“Wednesday Nite @ The Lab” Public Science Talks
Wednesdays at 7pm CT
Room 1111 Genetics Biotech Center, 425 Henry Mall, Madison WI,
Zoom at https://go.wisc.edu/240r59
For 15 March 2023
Hi WN@TL Fans,
Teeth, horns, antlers and tusks seem to me to be bones, but alas, no. Too many differences lurk in origin, composition and capacity for repair and regeneration, among others.
But they are considered part of the skeletal remains of an animal, and thus in the case of humans, teeth along with bones are part of the skeleton. Together these are the longest-lasting anatomical parts of the human body.
Modern dentistry, with annual x-rays and electronic medical records of fillings & extractions over time, means that our teeth likely are the best-collected and curated record of our skeleton.
For anthropologists, teeth are travel-trackers and timekeepers for folks who know how to read the isotopes in these enameled chronometers.
Teeth can also be identifiers in at least two ways. First, the pattern of dentition on a mandible and cranium—which teeth are present, their pattern of wear, the array of cavities & fillings & crowns—can be key and convincing evidence for accurately assigning names to the remains. Second, the pulp of teeth can yield DNA that can provide a kind of molecular barcode that traces back through parents & grandparents, and to siblings & cousins, and offspring.
A key difference in the two approaches as identifiers is that dental records showing the pattern of dentition are often at hand, while the physical teeth containing the DNA are entombed. The first requires opening up records; the second requires opening up graves.
This week we get to explore more about how analyzing the records of molars & their kin can be at the cusp of helping identify the remains of people, including soldiers, sailors, airmen and marines, who died during WWII.
On March 15 Alan Lee of Anthropology will reprise and expand on his recent talk to the Recovery Innovation Technology Summit at the Biotech Center Feb 22-24. He’ll roll out how he uses computer analysis and machine learning applied to dental records to speed the identification of remains of MIAs.
Description: The MIA Recovery & Identification Project’s Dental Project is our effort here at the Biotech Center to use computer algorithms to speed up the research process that eventually leads to the identification of unknown persons from WWII. Currently in US custody there are 8,600 Unknown Bodies (X-Files) from WWII that have yet to be identified.
Trying to identify a single person requires a tremendous amount of labor on behalf of the researcher who has to individually comb through dozens if not hundreds of missing person files (IDPFs) in order to make a probable match that can lead to a disinterment request. We intend to speed up that process.
The gist of how this Dental Project works is that dental records are used as the forensic fingerprint to create a tier list of probable matches between X-Files (unknown bodies) and IDPFs (Missing Service Members). We use the computer to rapidly do our comparisons for us once we have digitized the data.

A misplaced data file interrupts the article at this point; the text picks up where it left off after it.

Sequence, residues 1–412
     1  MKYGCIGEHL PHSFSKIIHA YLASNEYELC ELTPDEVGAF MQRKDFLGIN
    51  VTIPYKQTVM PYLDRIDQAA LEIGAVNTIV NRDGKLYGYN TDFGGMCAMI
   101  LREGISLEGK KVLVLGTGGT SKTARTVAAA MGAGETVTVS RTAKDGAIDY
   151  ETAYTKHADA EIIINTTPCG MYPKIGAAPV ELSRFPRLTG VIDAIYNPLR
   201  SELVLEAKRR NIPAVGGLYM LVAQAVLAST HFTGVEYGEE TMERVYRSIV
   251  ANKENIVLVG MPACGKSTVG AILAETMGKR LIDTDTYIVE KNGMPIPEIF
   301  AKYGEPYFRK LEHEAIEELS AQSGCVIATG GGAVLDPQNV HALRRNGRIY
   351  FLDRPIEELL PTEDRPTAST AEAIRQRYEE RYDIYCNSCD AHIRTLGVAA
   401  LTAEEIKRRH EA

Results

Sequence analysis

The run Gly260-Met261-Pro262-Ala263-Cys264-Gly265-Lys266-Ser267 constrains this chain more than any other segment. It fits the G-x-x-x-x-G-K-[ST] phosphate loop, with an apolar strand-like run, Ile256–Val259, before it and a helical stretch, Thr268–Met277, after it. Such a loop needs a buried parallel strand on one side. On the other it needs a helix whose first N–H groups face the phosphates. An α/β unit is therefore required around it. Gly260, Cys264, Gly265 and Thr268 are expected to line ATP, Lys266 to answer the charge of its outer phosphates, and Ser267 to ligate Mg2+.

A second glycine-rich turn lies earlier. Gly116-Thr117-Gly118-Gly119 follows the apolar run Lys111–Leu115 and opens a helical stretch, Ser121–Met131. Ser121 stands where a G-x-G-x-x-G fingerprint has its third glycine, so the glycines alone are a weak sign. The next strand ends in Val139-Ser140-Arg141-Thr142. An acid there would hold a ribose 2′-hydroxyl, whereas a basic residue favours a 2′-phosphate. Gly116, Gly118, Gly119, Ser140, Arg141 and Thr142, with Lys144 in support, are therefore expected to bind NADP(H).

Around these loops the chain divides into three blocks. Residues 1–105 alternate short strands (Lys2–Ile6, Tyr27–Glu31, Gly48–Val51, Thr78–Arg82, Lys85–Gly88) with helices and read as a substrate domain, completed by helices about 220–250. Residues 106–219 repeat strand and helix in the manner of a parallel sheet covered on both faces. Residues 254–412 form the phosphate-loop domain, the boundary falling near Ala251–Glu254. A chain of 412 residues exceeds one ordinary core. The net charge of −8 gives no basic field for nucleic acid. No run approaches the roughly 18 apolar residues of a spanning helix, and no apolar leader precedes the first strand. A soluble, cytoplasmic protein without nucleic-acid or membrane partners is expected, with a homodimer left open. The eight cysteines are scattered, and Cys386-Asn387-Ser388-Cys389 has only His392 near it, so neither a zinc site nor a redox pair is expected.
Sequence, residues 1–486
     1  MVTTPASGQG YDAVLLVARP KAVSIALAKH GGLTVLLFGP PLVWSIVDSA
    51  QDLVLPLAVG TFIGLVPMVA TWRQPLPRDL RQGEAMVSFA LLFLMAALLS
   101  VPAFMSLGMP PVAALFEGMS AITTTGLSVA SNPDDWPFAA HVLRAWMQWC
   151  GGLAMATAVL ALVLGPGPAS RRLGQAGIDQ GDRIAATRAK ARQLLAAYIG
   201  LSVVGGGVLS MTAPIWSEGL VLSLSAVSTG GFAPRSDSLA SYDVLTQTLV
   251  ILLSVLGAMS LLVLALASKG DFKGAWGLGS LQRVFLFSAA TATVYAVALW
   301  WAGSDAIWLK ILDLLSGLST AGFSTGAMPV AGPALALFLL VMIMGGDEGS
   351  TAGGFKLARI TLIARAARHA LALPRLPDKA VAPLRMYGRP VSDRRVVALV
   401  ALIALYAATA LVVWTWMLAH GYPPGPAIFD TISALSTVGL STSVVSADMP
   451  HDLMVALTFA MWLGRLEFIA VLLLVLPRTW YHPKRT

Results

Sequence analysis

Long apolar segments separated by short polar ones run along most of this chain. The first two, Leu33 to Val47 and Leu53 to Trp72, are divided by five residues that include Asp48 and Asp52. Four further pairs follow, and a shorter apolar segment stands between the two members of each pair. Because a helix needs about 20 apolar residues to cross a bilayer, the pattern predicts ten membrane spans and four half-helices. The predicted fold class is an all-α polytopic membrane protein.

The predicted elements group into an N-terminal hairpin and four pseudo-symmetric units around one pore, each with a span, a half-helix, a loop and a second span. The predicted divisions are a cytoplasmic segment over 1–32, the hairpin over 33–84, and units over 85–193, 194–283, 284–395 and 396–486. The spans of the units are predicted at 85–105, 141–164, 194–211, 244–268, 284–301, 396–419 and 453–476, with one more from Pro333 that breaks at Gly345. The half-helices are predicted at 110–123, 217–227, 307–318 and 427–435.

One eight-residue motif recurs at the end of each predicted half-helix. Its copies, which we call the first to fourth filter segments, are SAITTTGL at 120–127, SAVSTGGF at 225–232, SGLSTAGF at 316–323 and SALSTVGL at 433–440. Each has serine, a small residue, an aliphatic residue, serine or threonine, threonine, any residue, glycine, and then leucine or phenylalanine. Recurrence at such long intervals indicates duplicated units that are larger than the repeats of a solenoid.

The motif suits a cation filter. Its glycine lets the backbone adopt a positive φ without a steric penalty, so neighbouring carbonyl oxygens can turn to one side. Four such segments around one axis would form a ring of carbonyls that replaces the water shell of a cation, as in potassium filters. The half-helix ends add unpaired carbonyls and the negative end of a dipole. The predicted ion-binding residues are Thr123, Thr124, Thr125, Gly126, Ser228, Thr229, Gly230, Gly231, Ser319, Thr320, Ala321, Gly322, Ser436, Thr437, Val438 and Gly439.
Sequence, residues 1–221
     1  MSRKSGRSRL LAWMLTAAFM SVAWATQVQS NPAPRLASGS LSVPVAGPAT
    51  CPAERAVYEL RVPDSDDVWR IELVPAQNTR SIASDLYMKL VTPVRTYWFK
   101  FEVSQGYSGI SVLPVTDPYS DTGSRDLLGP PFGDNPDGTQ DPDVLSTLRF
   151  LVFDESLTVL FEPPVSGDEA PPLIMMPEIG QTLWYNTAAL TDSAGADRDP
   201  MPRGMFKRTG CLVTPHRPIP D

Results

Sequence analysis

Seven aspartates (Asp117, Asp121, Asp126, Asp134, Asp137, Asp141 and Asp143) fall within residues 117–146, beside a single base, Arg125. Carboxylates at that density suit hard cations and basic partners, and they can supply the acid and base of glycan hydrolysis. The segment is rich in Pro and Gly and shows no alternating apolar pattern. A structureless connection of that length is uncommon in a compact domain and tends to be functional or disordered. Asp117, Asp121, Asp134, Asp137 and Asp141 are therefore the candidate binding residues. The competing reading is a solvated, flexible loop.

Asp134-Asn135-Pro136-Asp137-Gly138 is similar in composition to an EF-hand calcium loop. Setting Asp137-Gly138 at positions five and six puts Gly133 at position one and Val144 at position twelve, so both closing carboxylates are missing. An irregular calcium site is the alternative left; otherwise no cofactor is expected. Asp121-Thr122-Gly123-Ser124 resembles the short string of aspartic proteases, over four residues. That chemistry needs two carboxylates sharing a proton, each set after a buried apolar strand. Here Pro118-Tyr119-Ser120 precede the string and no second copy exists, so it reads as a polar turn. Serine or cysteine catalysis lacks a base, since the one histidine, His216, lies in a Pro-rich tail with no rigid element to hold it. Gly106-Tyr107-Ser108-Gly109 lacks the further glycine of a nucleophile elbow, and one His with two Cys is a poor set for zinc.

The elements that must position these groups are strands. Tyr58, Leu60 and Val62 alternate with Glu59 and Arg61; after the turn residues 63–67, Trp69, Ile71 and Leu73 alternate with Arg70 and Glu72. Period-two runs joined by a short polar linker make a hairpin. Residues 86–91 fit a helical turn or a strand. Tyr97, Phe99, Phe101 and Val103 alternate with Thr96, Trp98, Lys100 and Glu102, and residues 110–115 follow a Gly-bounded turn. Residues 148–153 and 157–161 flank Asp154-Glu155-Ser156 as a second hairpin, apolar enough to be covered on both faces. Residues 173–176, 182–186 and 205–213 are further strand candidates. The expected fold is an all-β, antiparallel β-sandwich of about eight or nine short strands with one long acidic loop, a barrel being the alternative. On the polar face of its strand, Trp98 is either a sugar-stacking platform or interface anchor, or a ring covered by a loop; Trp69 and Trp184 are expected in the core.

Bio: I am a graduate student and PhD candidate in the Department of Anthropology at UW-Madison. My scholastic interests are metal-working, blacksmithing, and iron smelting in South Asia! I come from a chemistry background with a Chemistry Master’s from UW-Madison in materials chemistry, and I am now a dissertator in the UW-Madison Department of Anthropology.
My PhD advisor is none other than Dr. J. Mark Kenoyer, a world-renowned archaeologist of South Asia. Check out the website for the famous site Harappa that he excavated for decades.
I am also a member of the UW-MIARIP team out of the Biotechnology Center. Their mission is to find and repatriate the remains of MIA soldiers back to the United States.
On Saturday March 18 at 10am get a WN@TL Weekend Special with the McPherson Eye Research Institute’s “Vision at the Biotech Center” event featuring Richard Dubielzig of the School of Veterinary Medicine speaking on “Snake Eyes & Snake Vision,” followed by Will Vuyk of the School of Medicine & Public Health speaking on “Snakes Where We Live.”
On Wednesday, March 22 Jonathan Martin of Atmospheric & Oceanic Sciences tunes us in to “Warmer Winters and Wavier Jet Streams: The Cold Season in a Changing Climate.”
Bio: Jonathan Martin joined the faculty at the University of Wisconsin-Madison in 1994 after completing his Ph.D. in atmospheric sciences at the University of Washington.
He has earned recognition for his teaching, including the Underkofler Excellence in Teaching Award, a fellowship in UW’s Teaching Academy, the Mark H. Ingraham Distinguished Faculty Award, and the UW Vilas Distinguished Service Professorship.
He was honored by the American Meteorological Society in 2016 as the Society’s recipient of the Edward N. Lorenz Teaching Excellence Award for “outstanding teaching and mentoring that combines boundless enthusiasm with consummate skill to educate and inspire a generation of undergraduate and graduate students.”
His research expertise is in mid-latitude weather systems, and he has authored over 70 scientific papers, as well as the leading textbook on mid-latitude atmospheric dynamics. He recently published a biography of an influential British meteorologist of the mid-20th century – Reginald Sutcliffe and the Invention of Modern Weather Systems Science – and he also appears regularly on Wisconsin Public Radio as part of the two-man “Weather Guys” segment. He served a 9-year term as Chair of the Department of Atmospheric and Oceanic Sciences and was named by the Princeton Review as one of the nation’s Top 300 Professors.
Jonathan Martin’s 2021 book entitled Reginald Sutcliffe and the Invention of Modern Weather Systems Science (Purdue University Press),
Tom ZinnenBiotechnology Center & Division of Extension, Wisconsin 4-H
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